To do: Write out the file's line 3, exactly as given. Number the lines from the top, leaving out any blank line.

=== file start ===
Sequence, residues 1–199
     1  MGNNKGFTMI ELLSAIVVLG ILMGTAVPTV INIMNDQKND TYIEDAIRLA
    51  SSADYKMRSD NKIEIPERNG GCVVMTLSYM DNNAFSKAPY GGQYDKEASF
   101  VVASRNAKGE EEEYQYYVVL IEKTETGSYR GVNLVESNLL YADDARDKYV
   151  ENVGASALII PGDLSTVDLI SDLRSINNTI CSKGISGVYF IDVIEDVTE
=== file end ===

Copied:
    51  SSADYKMRSD NKIEIPERNG GCVVMTLSYM DNNAFSKAPY GGQYDKEASF